Kenilworth Homestead is a privately run outdoor recreation, family camping and function centre, right on the bank of the beautiful Mary River and just 2km from the township of Kenilworth. Camping, Caravan, Camper, and Motor Home all are welcomed at the Homestead.

More information is available at

3. Murphy’s Creek

This site is west of Brisbane on the way to Toowoomba. In fact it also is about 90 mins away offers great camping and also on site options as well.

Activities include swimming in the inland sandy beach, a flying fox, biking, walking, BBQ’s and all the usual bush fun. IKts also a good kick off point to local attractions like the Cobb & Co museum, local art shops and even the winerys in the area.

Murphy’s Creek Escape is a picturesque camping ground offering powered, non-powered, group and remote camping on large sites within an amazing natural bush setting.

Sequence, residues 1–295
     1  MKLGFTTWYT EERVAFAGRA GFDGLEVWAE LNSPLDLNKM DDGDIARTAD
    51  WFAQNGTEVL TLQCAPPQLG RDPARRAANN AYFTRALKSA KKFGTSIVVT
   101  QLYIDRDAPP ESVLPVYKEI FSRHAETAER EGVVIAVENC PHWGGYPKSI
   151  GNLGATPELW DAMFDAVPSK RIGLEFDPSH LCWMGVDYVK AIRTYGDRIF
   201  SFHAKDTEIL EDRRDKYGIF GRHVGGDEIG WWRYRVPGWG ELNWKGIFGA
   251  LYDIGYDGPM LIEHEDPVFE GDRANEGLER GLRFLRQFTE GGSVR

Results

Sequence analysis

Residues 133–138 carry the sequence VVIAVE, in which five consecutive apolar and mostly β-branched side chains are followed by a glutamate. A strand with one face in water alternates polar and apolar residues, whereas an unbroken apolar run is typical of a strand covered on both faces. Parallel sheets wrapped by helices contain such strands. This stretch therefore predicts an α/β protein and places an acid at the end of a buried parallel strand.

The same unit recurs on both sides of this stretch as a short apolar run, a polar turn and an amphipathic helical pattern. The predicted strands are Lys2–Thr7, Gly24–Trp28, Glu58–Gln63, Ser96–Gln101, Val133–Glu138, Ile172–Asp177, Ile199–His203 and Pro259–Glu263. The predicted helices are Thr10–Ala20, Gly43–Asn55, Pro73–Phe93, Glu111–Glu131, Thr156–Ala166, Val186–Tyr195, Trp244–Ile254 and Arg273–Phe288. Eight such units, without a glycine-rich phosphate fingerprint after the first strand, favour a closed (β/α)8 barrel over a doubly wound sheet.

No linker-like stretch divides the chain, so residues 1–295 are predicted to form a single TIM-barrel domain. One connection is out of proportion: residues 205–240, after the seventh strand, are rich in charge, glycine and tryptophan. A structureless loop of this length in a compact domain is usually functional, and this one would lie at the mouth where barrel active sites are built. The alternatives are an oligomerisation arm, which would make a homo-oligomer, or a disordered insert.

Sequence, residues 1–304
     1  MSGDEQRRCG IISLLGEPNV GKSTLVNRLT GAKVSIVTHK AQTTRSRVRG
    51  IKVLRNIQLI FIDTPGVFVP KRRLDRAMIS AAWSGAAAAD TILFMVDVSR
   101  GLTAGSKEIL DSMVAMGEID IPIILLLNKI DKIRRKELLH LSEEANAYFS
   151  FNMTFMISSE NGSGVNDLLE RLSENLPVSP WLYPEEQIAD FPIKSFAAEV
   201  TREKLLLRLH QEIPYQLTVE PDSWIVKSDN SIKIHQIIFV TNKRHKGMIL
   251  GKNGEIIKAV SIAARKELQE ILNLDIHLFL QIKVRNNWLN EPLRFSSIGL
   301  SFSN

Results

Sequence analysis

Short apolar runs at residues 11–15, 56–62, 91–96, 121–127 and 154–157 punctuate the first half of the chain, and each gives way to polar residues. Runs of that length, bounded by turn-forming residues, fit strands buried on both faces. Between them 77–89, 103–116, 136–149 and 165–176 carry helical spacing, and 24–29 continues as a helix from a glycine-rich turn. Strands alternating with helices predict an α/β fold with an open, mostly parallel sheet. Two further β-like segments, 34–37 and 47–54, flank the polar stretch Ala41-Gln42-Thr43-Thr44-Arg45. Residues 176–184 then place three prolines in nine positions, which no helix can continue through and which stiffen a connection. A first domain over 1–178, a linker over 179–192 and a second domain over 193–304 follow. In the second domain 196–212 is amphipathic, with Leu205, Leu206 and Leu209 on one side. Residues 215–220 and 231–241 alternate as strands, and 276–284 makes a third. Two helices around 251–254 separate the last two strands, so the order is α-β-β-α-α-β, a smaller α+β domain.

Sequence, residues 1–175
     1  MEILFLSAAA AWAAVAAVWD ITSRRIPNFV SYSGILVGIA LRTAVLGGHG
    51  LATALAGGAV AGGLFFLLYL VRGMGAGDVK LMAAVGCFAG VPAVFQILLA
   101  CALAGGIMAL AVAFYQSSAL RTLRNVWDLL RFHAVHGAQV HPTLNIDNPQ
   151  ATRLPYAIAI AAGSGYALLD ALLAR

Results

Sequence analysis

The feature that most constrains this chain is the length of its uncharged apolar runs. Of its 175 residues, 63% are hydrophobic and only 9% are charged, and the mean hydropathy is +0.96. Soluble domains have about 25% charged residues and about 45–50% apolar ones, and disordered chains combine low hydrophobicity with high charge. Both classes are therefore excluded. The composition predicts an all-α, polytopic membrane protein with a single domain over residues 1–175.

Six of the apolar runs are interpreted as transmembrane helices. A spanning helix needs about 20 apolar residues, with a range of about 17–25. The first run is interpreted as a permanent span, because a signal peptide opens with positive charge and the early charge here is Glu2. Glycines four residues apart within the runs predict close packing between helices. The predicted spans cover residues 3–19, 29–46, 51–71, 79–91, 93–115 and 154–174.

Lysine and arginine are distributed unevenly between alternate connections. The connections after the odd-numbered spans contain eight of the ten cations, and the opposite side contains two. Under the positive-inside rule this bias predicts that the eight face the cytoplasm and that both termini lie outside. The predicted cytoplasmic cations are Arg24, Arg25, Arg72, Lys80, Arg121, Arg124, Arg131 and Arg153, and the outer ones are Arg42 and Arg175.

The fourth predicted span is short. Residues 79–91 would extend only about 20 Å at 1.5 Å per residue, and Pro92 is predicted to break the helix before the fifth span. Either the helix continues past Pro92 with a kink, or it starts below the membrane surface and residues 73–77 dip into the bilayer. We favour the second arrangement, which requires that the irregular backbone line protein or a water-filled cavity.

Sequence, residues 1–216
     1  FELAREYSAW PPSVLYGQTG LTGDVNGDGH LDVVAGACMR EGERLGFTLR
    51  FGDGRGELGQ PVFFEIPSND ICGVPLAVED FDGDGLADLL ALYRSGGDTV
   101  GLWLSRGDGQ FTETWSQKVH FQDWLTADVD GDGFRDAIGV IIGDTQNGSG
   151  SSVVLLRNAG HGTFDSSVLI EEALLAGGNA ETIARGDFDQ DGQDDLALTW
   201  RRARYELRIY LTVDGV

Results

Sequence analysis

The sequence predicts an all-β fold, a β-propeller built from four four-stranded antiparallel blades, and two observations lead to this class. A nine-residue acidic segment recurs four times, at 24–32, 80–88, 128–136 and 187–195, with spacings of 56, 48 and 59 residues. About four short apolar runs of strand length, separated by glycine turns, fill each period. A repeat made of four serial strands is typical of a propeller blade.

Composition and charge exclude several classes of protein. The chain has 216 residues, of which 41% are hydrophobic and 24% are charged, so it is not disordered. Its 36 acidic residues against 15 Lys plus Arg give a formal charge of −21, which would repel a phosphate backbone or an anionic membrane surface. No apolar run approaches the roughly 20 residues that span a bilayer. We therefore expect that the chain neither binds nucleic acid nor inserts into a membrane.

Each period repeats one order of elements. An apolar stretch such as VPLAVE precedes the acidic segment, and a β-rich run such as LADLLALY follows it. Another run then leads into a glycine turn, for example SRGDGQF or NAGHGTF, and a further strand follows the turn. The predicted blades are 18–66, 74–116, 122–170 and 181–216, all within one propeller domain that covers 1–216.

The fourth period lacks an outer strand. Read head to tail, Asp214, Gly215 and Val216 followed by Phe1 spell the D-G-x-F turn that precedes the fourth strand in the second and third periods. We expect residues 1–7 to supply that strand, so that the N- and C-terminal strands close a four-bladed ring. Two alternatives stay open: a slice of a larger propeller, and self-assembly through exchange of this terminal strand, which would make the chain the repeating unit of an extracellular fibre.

Check out the location and book at


Gas Heaters for Your Caravan

When you’re on the road or especially off the road, a gas heater can be the perfect partner … keeping you warm whether you have electricity available or not.

Caravan gas heating offers effective and efficient performance thanks to their high level of efficiency and low power consumption. With low exhaust emissions making them extremely kind to the environment, and the systems can be very quiet which also enhances your travel.

We can supply and fit gas heaters and other solutions from a wide variety of brands and models. Allbrand Caravan Services can even advise you on a good fit for your van.

Some of the systems and options available are discussed and shown in this video below.

An Example

The Trumatic E 2400 is a new addition on the Australia RV scene, but has been around for years in Europe. It is a g

reataddition to the heating options available for Motor-homes and Caravans, particularly those that don’t already have diesel tanks.

It’s possible to get combination gas and electric heaters which add extra flexibility because these heaters can be used in either gas or electric mode or even in a mixture of the two which can reduce the initial time to heat.